Valuation expectations are one of the biggest areas of contention between sellers and buyers. Sellers always want their businesses to be worth more, while buyers are much more inclined to see a company’s shortcomings. Investment banking firms working with sellers often must educate them to understand the sources of a company’s value. This is because sellers associate hard work and emotional attachment with enhanced value. While it’s true that the effort an owner pours into a company may pay off, it’s not the most important factor. Business owners contemplating a sale should be mindful of the following key factors in determining business value:
Value is ultimately in the eyes of the beholder—the buyer. The buyer gets to decide whether a seller’s company fits their goals, and the specific considerations a buyer undertakes range from completely predictable to totally mysterious. When a company is an excellent fit and there’s no better option, a buyer may be willing to pay significantly more. In a saturated market, the opposite will be true.
Two distinct trends can affect a sale: the state of the wider market and the company’s niche. In the wider economic market, inflation, recession, economic uncertainty, availability of credit, and similar factors are incredibly important. When interest rates are rising and values are falling, for example, a company may quickly decline in value because capital is less accessible.
This isn’t all that matters, though. Even in a tanking market, some sectors continue to thrive. Consider how digital learning businesses became highly profitable during COVID, even as some other companies struggled. Or how travel agencies are now essentially nonexistent, and consistently went bankrupt even as the rest of the economy was booming. Owners must be realistic about the economic climate they face.
Quality of People
In almost all businesses, the people are indistinguishable from the company. A business that loses all of its people has lost immense value. So owners must focus on the value of their team. Some factors that are especially important include:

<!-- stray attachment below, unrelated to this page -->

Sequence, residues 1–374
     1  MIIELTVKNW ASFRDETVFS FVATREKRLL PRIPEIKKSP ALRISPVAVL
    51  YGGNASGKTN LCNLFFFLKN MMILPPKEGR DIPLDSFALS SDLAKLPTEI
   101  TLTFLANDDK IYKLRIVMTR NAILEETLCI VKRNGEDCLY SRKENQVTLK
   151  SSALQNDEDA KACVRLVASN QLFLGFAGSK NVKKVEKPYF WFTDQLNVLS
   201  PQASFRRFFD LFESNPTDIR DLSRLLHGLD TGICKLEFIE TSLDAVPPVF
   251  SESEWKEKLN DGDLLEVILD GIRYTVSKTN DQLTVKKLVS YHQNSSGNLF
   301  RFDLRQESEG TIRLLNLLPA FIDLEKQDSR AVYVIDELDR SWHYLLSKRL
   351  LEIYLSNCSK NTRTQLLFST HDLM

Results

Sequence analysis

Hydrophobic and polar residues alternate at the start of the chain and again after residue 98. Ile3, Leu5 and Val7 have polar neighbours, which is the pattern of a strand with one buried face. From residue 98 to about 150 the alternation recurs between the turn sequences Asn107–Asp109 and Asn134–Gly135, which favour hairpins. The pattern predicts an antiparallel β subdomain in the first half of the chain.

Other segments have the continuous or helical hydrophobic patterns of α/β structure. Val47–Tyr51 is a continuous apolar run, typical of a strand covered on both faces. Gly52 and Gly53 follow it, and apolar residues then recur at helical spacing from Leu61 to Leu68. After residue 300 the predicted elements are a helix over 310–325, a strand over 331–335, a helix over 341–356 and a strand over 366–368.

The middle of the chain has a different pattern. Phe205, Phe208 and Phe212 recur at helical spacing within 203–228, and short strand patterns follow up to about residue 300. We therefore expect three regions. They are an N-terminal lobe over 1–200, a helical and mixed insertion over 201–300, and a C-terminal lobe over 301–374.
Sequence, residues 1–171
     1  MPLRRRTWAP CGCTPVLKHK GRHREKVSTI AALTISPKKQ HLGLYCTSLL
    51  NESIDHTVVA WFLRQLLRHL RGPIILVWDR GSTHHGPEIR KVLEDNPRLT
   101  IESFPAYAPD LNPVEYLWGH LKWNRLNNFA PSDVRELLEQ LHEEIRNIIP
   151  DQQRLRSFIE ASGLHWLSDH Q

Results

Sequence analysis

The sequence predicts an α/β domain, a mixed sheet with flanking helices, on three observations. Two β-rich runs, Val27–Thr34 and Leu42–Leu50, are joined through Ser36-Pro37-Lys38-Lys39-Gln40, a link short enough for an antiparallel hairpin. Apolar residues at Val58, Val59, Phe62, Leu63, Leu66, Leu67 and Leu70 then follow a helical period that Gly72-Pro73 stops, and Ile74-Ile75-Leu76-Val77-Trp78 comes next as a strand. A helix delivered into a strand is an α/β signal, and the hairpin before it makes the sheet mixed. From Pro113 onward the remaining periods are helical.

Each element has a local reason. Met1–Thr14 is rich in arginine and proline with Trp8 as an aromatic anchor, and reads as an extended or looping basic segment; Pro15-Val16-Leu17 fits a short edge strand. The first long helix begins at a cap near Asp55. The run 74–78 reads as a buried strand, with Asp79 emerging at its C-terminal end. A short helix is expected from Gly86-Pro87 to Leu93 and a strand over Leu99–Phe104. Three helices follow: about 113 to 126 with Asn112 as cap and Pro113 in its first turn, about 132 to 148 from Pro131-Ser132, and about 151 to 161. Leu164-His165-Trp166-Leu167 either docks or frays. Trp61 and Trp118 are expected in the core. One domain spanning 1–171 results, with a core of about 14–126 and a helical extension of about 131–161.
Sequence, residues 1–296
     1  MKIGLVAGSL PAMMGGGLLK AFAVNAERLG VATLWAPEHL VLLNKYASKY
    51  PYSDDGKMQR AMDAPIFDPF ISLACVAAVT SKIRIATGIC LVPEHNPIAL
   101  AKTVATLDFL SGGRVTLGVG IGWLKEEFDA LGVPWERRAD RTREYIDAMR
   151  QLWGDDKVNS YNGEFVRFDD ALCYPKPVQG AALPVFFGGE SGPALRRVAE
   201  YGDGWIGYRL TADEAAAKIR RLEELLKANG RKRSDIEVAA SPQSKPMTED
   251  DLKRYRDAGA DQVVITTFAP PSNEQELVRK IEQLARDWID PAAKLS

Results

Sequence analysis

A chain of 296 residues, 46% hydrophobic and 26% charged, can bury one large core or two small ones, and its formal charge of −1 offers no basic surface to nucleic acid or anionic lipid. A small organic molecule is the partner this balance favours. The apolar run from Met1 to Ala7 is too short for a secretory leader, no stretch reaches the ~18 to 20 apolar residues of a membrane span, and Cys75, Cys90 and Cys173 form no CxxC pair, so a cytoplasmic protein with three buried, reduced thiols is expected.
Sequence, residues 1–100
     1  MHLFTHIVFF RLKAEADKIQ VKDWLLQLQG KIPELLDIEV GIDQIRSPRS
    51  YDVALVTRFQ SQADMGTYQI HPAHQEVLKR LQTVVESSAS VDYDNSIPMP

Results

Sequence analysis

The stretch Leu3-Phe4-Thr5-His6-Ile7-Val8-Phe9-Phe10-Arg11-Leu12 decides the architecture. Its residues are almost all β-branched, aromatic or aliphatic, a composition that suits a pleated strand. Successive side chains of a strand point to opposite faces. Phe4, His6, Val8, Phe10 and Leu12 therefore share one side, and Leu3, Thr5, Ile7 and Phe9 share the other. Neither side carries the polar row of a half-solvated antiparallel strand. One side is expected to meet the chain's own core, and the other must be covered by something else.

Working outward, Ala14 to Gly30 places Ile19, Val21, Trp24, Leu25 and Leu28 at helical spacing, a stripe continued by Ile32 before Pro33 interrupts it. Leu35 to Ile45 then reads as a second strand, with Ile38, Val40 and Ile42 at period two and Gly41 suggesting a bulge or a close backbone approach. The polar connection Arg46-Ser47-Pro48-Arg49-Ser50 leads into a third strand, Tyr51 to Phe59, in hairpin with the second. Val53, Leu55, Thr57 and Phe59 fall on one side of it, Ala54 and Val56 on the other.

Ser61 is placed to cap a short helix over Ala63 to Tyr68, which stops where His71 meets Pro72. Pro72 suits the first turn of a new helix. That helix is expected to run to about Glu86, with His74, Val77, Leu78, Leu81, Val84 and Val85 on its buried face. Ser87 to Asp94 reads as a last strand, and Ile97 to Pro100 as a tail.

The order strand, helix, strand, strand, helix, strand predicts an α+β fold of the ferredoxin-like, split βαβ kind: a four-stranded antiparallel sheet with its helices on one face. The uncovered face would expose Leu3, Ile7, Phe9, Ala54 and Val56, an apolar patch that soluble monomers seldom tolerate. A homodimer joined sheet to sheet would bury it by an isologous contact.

- Owner dependence: Companies that are excessively dependent on the owner are less valuable.
- Management strength: A strong management team makes a company a more enticing acquisition.
- Company culture: Is the corporate culture toxic and dysfunctional? Or is the owner selling a well-run business filled with happy employees who have a long tenure at the business? Buyers don’t want to see an entire team jump ship.
Numbers and Forecasts
Everything can change during due diligence, because this is the moment when owners must support their claims with proof. No matter how successful a company seems, a buyer will be interested in forecasts rooted in reality, numbers showing steady growth, and trends that show a succeeding business rather than a company bleeding money and losing value.
The EBITDA multiple is a product of other valuation factors, and it’s also perhaps the single most important factor determining value. It’s a reflection of the buyer’s commitment, desirability of the company, and the strength of the overall market. Higher multiples mean higher sales, and stronger companies in thriving industries get higher multiples.